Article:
"This election is really between 'Wall People' and 'Web People.'"

So wrote Thomas L. Friedman in his column in The New York Times on Wednesday.

"Wall People," he wrote, want a president who will "turn off the fan," resulting from "the violent winds of change that are now buffeting every family -- in their workplace, where machines are threatening white-collar and blue-collar jobs; in their neighborhoods, where so many more immigrants of different religions, races and cultures are moving in; and globally, where super-empowered angry people are now killing innocents with disturbing regularity."

"Wall People" want to keep a world built on the Industrial Revolution, the New Deal and the Cold War.

"Web People," on the other hand, want "to embrace the change" and "focus on empowering more people to be able to compete and collaborate in the world without walls. In particular, Web People understand that in times of rapid change, open systems are always more flexible, resilient and propulsive; the offer the chance to feel and respond first to change," Friedman wrote.

In my post on Tuesday,"Free Global Trade Should Be Embraced, Not Feared," I argued that "open systems are always more flexible, resilient and propulsive" than closed systems.

And, I agree with the conclusion that open systems aren't responsible for the loss of middle-class jobs.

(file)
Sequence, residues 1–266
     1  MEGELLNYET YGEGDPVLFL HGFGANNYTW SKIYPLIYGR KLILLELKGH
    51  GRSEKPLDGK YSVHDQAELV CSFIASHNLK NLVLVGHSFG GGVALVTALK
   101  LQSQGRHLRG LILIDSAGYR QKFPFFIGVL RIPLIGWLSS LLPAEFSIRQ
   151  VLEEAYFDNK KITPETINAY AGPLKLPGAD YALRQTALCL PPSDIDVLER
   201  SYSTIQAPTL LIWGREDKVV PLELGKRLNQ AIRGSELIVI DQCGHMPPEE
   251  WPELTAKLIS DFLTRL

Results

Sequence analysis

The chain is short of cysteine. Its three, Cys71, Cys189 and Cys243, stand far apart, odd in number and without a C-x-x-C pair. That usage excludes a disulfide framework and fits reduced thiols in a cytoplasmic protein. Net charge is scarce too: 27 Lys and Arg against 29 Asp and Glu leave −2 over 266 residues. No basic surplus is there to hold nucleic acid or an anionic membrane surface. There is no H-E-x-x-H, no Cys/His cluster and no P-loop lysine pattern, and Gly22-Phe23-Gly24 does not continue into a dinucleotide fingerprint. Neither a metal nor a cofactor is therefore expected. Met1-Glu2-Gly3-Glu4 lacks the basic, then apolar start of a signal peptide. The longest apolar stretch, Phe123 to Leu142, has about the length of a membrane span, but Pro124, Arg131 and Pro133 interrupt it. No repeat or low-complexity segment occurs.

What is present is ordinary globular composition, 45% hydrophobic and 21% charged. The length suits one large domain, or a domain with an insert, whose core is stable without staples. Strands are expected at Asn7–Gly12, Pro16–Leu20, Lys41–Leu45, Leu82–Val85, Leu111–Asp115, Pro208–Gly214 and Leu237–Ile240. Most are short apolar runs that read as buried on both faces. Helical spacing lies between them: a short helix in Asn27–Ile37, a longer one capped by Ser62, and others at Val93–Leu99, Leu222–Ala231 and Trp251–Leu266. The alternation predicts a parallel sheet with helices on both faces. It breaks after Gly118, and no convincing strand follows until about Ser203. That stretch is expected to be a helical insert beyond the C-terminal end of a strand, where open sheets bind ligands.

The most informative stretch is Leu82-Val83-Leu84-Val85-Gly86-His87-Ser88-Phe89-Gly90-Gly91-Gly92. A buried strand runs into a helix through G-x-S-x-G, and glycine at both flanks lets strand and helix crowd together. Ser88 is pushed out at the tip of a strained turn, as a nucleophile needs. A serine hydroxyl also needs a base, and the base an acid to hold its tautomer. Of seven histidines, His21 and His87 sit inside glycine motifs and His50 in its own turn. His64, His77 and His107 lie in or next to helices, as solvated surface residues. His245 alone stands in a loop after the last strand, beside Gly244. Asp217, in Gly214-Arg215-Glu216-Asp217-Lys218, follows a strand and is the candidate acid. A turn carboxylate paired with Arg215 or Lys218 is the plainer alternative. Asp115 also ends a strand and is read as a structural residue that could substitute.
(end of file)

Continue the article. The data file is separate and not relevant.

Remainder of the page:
Technological advances are the major cause of the loss of middle-class jobs, those that require substantial investments in human capital.

Because of this, I wrote, "It is workers in jobs requiring little education that are having the greatest difficult in adjusting to current economic conditions and that are, therefore, most anxious."

The "Wall People" are those who are most threatened by these changes and the speed at which these changes are taking place.

But, we can't go back. The "Wall People" only offer the world a holding pattern, a possibility to slow down the change but not stop it entirely.

Change is going to take place and, if recent history is any guide, maintaining the status quo is going to be less successful in this age than ever before.

The driving force behind change and the speed of change is the spread of information and the advances in information technology.

The spread of information has always caused change, and change threatens people at all levels.

People in powerful positions may feel threatened because change challenges the organizations and structures of power that they have built. Religions (e.g., Martin Luther) can be assaulted and governmental structures (e.g., the Arab Spring) can be attacked.

Business organizations built up over the years can be supplanted. Look, for example, at how the development of junk bonds helped topple many corporate structures.

Ordinary people may feel threatened because jobs require new training or more education.

As Friedman wrote, "just working hard and playing by the rules doesn't cut it any more. To have a lifelong job, you need to be a lifelong learner, constantly raising your game."

We need to embrace the change and work with it, as he suggested.

Embracing change is hard and begins with a mind change, which must lead to different policies and programs that allow change to take place more smoothly.

There is no doubt that people will suffer going through change. But, better that people work together to embrace change than to divide and go to war with each other.

This article is commentary by an independent contributor.